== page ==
Countrywide Buyout: Who Wins, Who Loses?
You’ve probably heard about the buyout of troubled mortgage giant Countrywide Financial Corporation. Bank of America is buying
Countrywide, whose shares have lost more than 85% of their value since May, 2007. Sale price: $4 billion. Actually, one could say that you are helping finance this venture. Read on!
Chances are that Angelo Mozilo, Countrywide’s co-founder, probably won’t have to scrape by too badly whenever he leaves the company. He took home more than $48 million in compensation during 2006. Depending on the circumstances of Mozilo’s departure, he could wind up getting tens (if not hundreds) of millions of dollars in other compensation and perks, based on obligations made when Countrywide was doing well. His severance package, negotiated before the buyout, included use of the company’s aircraft, office space, payment of annual country club dues and a payment equal to the excise tax charged to him as a result of certain benefits.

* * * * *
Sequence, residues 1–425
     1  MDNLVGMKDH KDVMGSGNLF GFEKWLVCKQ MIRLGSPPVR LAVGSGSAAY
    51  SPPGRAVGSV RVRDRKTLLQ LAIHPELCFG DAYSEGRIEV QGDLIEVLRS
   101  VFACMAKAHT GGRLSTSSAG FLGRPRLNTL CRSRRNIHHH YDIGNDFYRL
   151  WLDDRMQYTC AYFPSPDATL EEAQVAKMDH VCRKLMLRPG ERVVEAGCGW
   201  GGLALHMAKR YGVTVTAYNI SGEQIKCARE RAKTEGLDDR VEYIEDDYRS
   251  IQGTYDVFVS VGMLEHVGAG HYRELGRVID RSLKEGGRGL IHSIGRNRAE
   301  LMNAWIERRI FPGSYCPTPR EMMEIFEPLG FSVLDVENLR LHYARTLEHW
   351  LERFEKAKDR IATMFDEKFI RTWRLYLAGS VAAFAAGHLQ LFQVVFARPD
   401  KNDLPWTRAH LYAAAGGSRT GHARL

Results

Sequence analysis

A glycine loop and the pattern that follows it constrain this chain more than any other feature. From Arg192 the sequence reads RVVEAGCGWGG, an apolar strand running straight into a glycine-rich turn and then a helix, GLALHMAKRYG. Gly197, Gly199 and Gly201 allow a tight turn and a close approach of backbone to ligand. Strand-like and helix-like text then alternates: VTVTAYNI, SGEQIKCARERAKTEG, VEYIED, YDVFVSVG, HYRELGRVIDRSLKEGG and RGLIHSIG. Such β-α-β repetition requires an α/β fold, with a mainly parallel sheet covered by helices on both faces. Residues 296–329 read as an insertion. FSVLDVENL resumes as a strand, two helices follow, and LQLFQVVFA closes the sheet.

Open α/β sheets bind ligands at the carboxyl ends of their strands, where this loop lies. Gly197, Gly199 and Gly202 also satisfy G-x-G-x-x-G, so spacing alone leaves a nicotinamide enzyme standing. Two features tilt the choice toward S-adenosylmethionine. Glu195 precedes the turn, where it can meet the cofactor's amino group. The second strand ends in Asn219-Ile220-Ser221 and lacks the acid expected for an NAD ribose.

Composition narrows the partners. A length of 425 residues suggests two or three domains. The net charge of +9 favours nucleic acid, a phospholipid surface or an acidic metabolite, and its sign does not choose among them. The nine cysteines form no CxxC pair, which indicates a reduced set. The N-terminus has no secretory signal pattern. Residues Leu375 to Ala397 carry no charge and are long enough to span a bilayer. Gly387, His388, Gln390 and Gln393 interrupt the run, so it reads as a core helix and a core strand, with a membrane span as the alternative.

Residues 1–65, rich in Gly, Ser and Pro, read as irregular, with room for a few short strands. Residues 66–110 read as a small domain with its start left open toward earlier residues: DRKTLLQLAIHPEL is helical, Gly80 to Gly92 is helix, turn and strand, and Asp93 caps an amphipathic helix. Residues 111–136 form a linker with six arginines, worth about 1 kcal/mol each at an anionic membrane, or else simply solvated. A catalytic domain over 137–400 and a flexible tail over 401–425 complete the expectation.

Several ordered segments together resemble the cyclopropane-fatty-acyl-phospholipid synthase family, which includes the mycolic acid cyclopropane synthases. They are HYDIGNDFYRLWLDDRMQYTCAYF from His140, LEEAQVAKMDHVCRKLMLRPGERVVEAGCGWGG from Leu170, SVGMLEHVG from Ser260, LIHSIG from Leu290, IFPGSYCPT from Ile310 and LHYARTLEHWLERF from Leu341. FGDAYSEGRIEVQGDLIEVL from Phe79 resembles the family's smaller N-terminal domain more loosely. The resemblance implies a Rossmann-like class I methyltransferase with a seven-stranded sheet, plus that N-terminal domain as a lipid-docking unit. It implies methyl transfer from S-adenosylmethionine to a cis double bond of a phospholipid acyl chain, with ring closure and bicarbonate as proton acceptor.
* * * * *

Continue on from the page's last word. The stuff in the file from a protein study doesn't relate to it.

You. That’s right. Bank of America, which is healthy and profitable, will be able to deduct some of Countrywide’s losses from its taxable income. That means U.S. taxpayers will take the hit. How much are we talking about? Possibly half a billion dollars over the first five years, according to tax expert Robert Willens.
And what about the people holding Countrywide mortgages … how will they come out?
Some financial experts predict they will wind up in better shape as a result of the deal. That’s because Bank of America, unlike Countrywide, stayed away from the subprime lending market and, as a result, was largely insulated from the kind of loans that got Countrywide in so much trouble to start with. Bank of America, some predict, might restructure some of those loans or even convert them to prime loans, something Countrywide was unable to do.
Bank of America has already publicly stated that it will not be originating any subprime loans after the merger is completed. Others in the financial industry don’t share as optimistic a viewpoint about the merger’s effects on existing loan holders.Â They say the buyout may mean little more than a change in name.